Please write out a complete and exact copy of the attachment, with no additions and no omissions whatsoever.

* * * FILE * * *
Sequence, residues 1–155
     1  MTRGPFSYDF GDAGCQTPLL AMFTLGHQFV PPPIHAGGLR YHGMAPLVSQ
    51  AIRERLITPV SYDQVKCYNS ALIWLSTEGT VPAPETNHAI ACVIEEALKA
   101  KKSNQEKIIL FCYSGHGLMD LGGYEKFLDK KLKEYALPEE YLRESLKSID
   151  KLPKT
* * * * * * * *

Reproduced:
Sequence, residues 1–155
     1  MTRGPFSYDF GDAGCQTPLL AMFTLGHQFV PPPIHAGGLR YHGMAPLVSQ
    51  AIRERLITPV SYDQVKCYNS ALIWLSTEGT VPAPETNHAI ACVIEEALKA
   101  KKSNQEKIIL FCYSGHGLMD LGGYEKFLDK KLKEYALPEE YLRESLKSID
   151  KLPKT